Utah's capital city's revitalized downtown and transit systems made it convention top choice.
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Walkable communities. Bicycle lanes. Mass transit. Accessible public spaces. Planning that incorporates environmentalism.
It sounds like the antithesis of suburban sprawl along the Wasatch Front and across America. It also seems to mirror aspects of Salt Lake City Mayor Ralph Becker's agenda.
Some call the progressive design movement being adopted in some American cities "the new urbanism." From Wednesday to June 1, Salt Lake City will be the epicenter of such planning strategies as the Congress for the New Urbanism (CNU) founded in 1993 lands downtown for its annual convention.
About 1,200 attendees from across the United States, Canada, Central and South America, Europe, Australia, and even China are expected to attend the confab at the Grand America Hotel. Many of them are interested in seeing the dramatic changes to Salt Lake City's urban landscape, including light rail and walkability, according to a statement from CNU organizers.
Planning philosophies that came to be known as the new urbanism arose in the 1980s, at the height of sprawl. The new urbanism harks back to design standards that were prevalent until cars and highways began dominating development in the early 1960s. It encompasses principles such as traditional neighborhood design and transit-oriented development.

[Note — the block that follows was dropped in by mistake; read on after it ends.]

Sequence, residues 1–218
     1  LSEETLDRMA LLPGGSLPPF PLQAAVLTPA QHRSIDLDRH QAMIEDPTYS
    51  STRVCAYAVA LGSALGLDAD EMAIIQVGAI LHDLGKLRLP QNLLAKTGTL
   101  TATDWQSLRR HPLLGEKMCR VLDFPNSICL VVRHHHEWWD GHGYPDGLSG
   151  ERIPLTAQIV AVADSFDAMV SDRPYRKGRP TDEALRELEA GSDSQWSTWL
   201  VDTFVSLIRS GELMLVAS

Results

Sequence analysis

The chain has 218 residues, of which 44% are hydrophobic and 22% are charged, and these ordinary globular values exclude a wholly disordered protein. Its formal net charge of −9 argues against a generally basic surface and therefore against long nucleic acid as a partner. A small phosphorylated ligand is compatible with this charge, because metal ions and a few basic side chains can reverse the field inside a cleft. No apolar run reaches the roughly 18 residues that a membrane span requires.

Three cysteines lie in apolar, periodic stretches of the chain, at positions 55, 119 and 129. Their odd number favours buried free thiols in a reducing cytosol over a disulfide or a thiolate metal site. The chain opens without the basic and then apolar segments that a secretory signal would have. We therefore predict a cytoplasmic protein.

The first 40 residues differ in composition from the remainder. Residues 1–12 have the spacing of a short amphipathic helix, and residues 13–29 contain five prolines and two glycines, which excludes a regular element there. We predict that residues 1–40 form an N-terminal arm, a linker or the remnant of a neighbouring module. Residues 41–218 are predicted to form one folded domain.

So, why is CNU coming to Salt Lake City?
John Norquist, the former mayor of Milwaukee who now heads up the CNU, said in a February visit to Utah that Salt Lake City has a lot to offer in terms of new urbanism. It was selected to host the organization's 21st annual meeting because of its commitment to new urbanism, the revitalization of downtown and the fact that the area has the fastest-growing light rail system in the country.
"It is all very dramatic, a very vibrant, urban place," he said on the organization's website, noting that Goldman Sachs has located its fourth-largest global operation in Salt Lake City, behind only New York, New Jersey and London.
According to CNU spokesman Tim Halbur, this year's meeting is unique in that it has dedicated an entire track of meetings and events to Salt Lake City, with local speakers and urbanists (including renowned urbanists Reid Ewing and Arthur C. Nelson, both of the University of Utah), and guided tours of Daybreak, City Creek and Olympic Park that will highlight the region's successful planning efforts.
In addition, Envision Utah will get the spotlight for transforming the culture of regional planning in Utah, and influencing numerous other regions in the U.S.
Meetings also will focus on "Environment-Sustainability." According to CNU's spokesman, "the Salt Lake Valley faces increasing challenges related to growth, including environmental management questions as well as how to sustain economic capacity."
For a schedule of speakers, panels and events, as well as registration and ticket information visit www.cnu21.org.